Orlando Diaz-Azcuy conjures an impeccable work space for his San Francisco design firm
Edie Cohen -- Interior Design, 3/1/2005 12:00:00 AM
"Everyone has a different idea of what I do," says Orlando Diaz-Azcuy. "Some think I'm only a furniture designer, others, a commercial designer." The Cuban-born Diaz-Azcuy is all that and more. Add residential interiors, architecture, landscape design, and urban planning for a complete picture. Yet ask the designing multitasker what his greatest skill is, and he refers to another field entirely. "I can perfectly read a person and a situation."
Consummate professional and astute psychologist, the president of Orlando Diaz-Azcuy Design Associates celebrates his San Francisco firm's 20th anniversary next year. The party, to be held in the headquarters he and his 14-person staff have occupied since June 2003, will be terrific. Until then, the atelier, located in an early-20th-century, 12-story office building in Union Square, is strictly a workplace. The reigning theme of the 5,750-square-foot, ninth-floor office is precision. Devoid of any clutter, it's a laboratory for clean contemporary living—an analogy further reinforced by the trademark white lab coats that are ODADA's mandatory uniform.
The office is, coincidentally, around the corner from ODADA's former home. The current quarters, though, are light years removed from the firm's previous space, which was cobbled together from a trio of three-story brick buildings. "The new office is the truest representation of what I want," says Diaz-Azcuy—and of how his firm works.
In the large main studio, the walls and ceiling of white-painted drywall and the floors of bleached oak form a pristine background that rein-forces Diaz-Azcuy's disdain for gimmicky architecture. "I like substantial work where I can see the bones," he says. Not that he discounts decoration, "but it's the last step in the process." Nor is he averse to drama. The elevator lobby, its walls painted a deep charcoal, provides a chiaroscuro prologue to the sunlit spaces beyond.
In the entry area, an antique Indonesian mahogany bench, mixed-media panels by Tom Czarnopys, and an oak wall sculpture by David Nash create a distinctive mise-en-scene. It could be the vestibule of an elegant apartment or, given the arresting artwork, a gallery, but with the conspicuous absence of a reception desk, it hardly seems like the entrance to an office. "Someone comes out to meet you," Diaz-Azcuy explains. "You arrive as you would at a house."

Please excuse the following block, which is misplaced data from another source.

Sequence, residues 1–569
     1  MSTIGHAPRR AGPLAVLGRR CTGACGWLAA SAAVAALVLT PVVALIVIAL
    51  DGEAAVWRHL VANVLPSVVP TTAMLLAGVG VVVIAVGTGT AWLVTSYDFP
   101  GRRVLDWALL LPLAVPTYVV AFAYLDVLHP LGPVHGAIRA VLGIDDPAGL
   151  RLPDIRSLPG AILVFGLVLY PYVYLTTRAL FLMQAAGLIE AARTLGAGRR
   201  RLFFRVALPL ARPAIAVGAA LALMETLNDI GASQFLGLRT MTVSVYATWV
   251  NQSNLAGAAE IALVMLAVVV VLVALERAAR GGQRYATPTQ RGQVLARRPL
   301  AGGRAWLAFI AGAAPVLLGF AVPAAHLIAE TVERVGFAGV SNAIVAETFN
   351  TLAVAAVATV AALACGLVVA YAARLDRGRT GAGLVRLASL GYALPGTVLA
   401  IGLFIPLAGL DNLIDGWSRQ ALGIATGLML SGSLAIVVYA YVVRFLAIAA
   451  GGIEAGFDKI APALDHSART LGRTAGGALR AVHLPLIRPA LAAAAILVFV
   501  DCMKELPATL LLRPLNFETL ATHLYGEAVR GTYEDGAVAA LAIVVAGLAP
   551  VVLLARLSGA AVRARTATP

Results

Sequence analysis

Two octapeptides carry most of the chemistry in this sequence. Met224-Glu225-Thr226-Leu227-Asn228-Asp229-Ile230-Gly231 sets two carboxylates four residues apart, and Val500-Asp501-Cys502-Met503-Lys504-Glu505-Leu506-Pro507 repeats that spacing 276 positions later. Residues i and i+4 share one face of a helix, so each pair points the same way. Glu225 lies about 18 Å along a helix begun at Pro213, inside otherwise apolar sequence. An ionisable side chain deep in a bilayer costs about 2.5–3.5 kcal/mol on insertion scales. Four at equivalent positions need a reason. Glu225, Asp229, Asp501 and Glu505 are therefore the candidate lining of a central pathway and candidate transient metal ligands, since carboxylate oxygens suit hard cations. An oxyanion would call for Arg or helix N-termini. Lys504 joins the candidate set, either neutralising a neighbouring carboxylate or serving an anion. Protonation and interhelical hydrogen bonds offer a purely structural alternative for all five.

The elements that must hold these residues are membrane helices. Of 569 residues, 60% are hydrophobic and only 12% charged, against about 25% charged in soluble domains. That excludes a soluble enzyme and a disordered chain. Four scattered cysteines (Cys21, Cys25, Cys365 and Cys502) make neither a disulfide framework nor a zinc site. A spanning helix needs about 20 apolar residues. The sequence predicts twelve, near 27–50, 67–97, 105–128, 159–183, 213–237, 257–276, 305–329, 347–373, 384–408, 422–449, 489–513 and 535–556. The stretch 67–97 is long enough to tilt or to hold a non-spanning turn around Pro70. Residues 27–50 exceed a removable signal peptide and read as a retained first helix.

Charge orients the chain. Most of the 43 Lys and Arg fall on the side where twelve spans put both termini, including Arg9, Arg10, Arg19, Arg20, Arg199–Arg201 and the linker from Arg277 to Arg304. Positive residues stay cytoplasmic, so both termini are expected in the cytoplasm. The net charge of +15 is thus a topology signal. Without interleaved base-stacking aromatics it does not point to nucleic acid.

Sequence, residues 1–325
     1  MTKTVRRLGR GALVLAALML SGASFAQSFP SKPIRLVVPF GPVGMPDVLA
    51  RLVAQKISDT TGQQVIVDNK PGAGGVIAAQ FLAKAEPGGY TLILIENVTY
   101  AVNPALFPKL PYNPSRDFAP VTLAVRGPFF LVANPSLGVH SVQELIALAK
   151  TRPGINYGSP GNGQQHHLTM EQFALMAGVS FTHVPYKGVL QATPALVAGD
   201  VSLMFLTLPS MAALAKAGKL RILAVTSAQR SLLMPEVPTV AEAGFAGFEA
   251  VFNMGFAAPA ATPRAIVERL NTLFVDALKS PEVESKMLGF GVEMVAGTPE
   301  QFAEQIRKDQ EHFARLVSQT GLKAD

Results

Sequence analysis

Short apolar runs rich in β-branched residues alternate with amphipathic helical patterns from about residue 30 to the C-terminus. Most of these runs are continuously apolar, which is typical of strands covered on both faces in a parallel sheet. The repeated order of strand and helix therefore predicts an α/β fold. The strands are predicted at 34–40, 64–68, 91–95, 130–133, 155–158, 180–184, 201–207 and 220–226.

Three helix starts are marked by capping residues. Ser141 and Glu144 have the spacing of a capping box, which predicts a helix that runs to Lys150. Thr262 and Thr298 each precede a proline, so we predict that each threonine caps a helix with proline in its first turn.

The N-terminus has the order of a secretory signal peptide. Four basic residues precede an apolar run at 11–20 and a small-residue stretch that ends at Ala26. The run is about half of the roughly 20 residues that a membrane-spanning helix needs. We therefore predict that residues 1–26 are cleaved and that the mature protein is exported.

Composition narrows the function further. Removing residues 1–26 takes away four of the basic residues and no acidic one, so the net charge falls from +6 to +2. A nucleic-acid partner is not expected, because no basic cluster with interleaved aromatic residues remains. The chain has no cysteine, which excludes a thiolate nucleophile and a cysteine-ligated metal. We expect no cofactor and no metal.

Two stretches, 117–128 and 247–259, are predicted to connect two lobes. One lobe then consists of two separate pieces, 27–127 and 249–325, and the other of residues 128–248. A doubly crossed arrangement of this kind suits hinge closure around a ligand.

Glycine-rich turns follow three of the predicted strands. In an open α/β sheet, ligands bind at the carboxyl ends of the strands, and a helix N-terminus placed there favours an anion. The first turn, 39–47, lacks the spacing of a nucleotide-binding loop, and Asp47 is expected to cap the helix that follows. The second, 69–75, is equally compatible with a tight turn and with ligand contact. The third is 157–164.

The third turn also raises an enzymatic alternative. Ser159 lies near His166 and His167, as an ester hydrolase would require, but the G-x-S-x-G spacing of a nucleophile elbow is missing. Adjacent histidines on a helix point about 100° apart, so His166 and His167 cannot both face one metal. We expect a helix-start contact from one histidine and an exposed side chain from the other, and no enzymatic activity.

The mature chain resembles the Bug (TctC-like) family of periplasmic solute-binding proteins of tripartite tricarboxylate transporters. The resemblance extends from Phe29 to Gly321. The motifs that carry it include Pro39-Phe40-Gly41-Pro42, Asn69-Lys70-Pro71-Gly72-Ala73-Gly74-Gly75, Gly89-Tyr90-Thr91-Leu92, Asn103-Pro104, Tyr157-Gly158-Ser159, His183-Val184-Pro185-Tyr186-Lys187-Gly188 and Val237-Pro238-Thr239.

From this chicly residential foyer, clients are typically ushered into the conference room. On one side of the 600-square-foot space, a long, white-laminate Parsons table surrounded by six of Diaz-Azcuy's armchairs with 'Ludwig Mies van der Rohe's Brno armchairs at the ends, is set for presentations. On the other, the mood is less formal, with Diaz-Azcuy's tufted mohair lounge chairs gathered around Gae Aulenti's Jumbo marble coffee table, where tea is often served. Art and antiques contribute to the salonlike atmosphere. A haunting oil, 2 Sisters by Lordan Bunch, hangs above an 18th-century Chinese altar table, while a white-lacquer console holds a 19th-century carved-stone bust and French tole drawing forms.
The conference room anchors a plan predicated on openness. A single circulation spine, softened by a custom wool runner, spans the floor's 120-foot length. It leads from reception directly back to Diaz-Azcuy's own work area and provides an unobstructed view of the main studio. "Clients can absorb the whole office and what it's about: cleanliness, organization, discipline, and the feeling of being at home," remarks the designer.
The studio, which is the heart of ODADA, hugs the east elevation, where the light is best. Despite San Francisco's infamous fog, the overhead fluorescents are rarely used. There's little distinction between architects and designers here; everybody works at white-painted MDF stations. Likewise, they all share a central 25-foot-long project table with built-in drawers and shelves. Surprisingly, Diaz-Azcuy tolerates some disarray on desks, but not along the public corridor. "I'm a policeman," he jokes.
Diaz-Azcuy occupies an office in a slightly separate corner, guarded by an intriguing 1850 wood model of a cathedral in Antwerp, Belgium, by G.J. Nauwens. "I'm at the back so I can observe people." By removing himself he is also facilitating a recent rite of passage: David Oldroyd and Greg Stewart, both 14-year ODADA veterans, became coprincipals three years ago.
Although Diaz-Azcuy shares his semiprivate domain with two administrative staffers, it's as fastidiously kempt as the rest of the premises. His work surface, a 1970's Tobia Scarpa glass-top table, is a still life of order and calm. The standing screen behind it, a leather-and-brass antique previously owned by furniture magnate John McGuire, is a treasured possession. "I bought it before I even dreamed of designing for McGuire," says Diaz-Azcuy, who is currently working on the third furniture collection and second showroom for the company. More evidence of a connoisseur's eye appears in the form of such disparate pieces as a cardboard sculpture cast in bronze by Yoshitomo Saito, a 19th-century French copper beehive, and a lacquered chair frame attributed to Billy Haines.
The remainder of the office comprises two sequestered corners for meetings, a generous kitchen, and an intimate library. The last is art-filled, too: A pair of towering wood-and-glass constructivist-like objects are actually hourglasses; they perfectly complement Diaz-Azcuy's glass-top reading table. Could the impeccably dressed designer see himself in another field? "I'd love to design men's fashion."